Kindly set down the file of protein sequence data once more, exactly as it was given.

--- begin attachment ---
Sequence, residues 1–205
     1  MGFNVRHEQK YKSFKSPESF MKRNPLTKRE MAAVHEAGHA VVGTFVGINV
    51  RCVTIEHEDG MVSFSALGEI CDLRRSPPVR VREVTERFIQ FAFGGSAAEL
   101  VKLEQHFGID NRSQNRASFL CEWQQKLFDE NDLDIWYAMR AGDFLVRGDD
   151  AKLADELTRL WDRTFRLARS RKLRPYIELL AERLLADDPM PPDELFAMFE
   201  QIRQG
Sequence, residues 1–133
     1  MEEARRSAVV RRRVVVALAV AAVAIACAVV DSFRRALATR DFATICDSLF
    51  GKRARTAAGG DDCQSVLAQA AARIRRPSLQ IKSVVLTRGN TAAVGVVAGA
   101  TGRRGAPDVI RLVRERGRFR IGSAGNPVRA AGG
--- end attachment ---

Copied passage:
Sequence, residues 1–205
     1  MGFNVRHEQK YKSFKSPESF MKRNPLTKRE MAAVHEAGHA VVGTFVGINV
    51  RCVTIEHEDG MVSFSALGEI CDLRRSPPVR VREVTERFIQ FAFGGSAAEL
   101  VKLEQHFGID NRSQNRASFL CEWQQKLFDE NDLDIWYAMR AGDFLVRGDD
   151  AKLADELTRL WDRTFRLARS RKLRPYIELL AERLLADDPM PPDELFAMFE
   201  QIRQG
Sequence, residues 1–133
     1  MEEARRSAVV RRRVVVALAV AAVAIACAVV DSFRRALATR DFATICDSLF
    51  GKRARTAAGG DDCQSVLAQA AARIRRPSLQ IKSVVLTRGN TAAVGVVAGA
   101  TGRRGAPDVI RLVRERGRFR IGSAGNPVRA AGG